|Chamo, on our hike, the day before he became ill.|
To make a long story short, Chamo was referred to an internal specialist in Albuquerque, 1 hour away. Heidi took him there and after ultrasound tests and observation at the hospital, we were told that he had a large cyst on his prostrate, and a birth defect, since his urethra was not normal. The bills are very high so far, and now we are looking at more expenses.
Both of us are attached to our “little man.” At the dog obedience school, the instructor said Chamo could lead the class if he wanted. He is the smartest animal I have ever owned, and very affectionate. Every morning, he jumps on the bed when I wake up, puts one paw on my chest and licks my face all over, and nibbles my ear. He has a way of biting my face so that it feels good—quick little love bites.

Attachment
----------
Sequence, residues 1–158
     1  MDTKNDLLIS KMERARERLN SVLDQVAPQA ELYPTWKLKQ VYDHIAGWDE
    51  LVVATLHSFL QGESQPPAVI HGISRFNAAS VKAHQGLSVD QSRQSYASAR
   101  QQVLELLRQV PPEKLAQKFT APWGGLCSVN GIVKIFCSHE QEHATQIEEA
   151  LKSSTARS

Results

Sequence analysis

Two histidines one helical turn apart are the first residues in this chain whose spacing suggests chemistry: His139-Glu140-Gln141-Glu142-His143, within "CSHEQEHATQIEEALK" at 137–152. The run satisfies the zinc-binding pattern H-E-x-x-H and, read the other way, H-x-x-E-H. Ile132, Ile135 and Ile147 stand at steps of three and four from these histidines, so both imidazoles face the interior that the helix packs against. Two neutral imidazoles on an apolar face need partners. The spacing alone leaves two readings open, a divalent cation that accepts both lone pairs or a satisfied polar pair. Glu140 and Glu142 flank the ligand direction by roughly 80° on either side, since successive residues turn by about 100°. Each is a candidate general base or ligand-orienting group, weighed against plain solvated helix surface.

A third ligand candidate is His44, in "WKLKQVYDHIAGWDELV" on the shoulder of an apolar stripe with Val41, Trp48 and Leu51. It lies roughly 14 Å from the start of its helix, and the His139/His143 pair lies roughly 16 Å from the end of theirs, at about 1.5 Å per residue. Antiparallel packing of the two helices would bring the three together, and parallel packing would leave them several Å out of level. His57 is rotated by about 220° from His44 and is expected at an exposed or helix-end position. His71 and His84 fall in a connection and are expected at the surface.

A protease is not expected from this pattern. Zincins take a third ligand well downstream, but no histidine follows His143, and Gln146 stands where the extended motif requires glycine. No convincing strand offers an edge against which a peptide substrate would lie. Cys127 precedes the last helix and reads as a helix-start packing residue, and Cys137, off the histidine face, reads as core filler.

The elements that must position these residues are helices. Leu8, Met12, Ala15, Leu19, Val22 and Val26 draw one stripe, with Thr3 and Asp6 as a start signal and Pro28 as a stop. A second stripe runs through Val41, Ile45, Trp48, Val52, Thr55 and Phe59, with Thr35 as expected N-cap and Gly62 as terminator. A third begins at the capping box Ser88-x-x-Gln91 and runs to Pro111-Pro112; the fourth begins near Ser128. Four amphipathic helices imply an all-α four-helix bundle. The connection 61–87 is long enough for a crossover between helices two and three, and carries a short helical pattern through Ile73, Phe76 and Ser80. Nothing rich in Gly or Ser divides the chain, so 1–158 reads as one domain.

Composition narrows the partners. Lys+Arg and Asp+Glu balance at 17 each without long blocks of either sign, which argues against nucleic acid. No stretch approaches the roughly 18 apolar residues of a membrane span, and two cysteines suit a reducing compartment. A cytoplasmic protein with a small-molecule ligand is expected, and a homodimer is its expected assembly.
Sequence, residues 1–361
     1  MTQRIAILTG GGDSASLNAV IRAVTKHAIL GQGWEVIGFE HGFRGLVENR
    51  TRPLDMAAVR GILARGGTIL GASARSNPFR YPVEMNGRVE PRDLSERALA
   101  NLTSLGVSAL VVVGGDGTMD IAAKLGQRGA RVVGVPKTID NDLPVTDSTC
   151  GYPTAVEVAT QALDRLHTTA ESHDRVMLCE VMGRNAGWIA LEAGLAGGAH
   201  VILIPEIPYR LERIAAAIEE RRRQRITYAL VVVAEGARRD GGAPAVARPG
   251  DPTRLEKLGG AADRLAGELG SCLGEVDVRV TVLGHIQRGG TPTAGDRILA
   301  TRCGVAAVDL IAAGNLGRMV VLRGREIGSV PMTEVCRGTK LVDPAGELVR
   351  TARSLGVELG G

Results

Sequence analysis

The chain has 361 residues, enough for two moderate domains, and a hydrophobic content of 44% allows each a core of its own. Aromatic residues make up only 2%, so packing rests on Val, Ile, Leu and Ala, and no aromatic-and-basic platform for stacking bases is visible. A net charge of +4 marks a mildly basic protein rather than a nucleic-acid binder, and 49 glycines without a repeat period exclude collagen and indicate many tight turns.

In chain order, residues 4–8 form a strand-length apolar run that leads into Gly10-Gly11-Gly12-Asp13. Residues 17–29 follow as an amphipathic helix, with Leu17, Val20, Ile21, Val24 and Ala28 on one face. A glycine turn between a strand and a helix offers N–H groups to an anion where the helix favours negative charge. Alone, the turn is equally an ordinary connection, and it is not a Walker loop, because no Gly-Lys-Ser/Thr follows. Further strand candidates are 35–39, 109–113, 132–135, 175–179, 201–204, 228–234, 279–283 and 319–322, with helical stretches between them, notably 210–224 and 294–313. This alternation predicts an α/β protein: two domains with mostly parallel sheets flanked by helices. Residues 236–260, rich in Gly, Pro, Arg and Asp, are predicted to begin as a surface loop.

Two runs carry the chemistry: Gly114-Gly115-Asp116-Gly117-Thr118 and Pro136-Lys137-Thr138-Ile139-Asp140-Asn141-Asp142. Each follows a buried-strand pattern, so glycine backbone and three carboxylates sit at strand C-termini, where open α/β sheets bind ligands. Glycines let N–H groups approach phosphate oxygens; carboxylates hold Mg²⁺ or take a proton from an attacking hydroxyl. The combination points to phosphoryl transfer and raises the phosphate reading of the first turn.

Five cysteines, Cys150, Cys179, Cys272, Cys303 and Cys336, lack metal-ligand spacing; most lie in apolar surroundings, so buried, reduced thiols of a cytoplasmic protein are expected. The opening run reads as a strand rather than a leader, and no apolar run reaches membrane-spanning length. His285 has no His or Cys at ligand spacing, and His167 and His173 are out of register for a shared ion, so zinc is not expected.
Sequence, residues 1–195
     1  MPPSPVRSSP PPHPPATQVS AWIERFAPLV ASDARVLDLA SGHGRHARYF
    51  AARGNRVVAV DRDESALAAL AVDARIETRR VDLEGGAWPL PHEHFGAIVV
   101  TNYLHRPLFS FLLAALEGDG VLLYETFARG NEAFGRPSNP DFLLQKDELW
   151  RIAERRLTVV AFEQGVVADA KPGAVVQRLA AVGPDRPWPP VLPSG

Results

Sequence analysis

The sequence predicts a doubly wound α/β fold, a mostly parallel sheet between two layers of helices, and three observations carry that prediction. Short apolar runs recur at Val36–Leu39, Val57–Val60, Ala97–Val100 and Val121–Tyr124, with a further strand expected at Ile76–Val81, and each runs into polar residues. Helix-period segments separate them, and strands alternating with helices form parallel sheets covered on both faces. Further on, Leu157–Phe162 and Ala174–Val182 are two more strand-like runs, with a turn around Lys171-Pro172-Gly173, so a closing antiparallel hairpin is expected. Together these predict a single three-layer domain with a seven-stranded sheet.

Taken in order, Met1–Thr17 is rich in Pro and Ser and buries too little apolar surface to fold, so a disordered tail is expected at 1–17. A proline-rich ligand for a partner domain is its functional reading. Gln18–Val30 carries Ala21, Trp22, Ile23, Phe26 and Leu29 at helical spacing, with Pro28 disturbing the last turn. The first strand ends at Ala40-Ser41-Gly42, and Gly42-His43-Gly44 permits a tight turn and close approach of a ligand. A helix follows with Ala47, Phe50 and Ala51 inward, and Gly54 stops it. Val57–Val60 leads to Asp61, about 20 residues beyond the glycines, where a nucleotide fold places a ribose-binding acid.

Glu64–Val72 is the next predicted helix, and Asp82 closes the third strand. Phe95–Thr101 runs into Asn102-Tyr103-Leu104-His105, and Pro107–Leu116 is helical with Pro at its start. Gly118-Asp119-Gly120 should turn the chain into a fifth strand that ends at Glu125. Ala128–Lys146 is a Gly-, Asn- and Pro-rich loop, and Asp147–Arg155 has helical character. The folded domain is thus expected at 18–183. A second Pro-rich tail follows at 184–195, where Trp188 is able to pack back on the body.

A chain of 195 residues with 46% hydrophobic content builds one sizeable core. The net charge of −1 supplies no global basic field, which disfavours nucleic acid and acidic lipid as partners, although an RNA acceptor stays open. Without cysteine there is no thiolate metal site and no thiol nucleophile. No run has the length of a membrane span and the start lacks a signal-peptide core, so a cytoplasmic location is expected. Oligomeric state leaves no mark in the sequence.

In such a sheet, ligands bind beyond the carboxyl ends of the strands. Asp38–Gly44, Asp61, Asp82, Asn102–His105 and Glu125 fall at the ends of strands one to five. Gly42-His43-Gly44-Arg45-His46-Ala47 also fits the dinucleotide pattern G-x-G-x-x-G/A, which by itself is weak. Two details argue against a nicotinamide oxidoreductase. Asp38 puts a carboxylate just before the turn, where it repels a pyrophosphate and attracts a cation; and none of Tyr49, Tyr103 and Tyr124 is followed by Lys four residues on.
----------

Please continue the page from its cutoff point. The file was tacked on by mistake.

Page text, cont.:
We have had him home now for several days, and he seems back to his old self, but we are stressed thinking we might lose him. And to think that we might have to limit his help for financial reasons is awful.
I find that my worries are familiar, and bring back memories of my long journey through the “valley of death’ with Naomi, my oldest daughter who died when she was nineteen.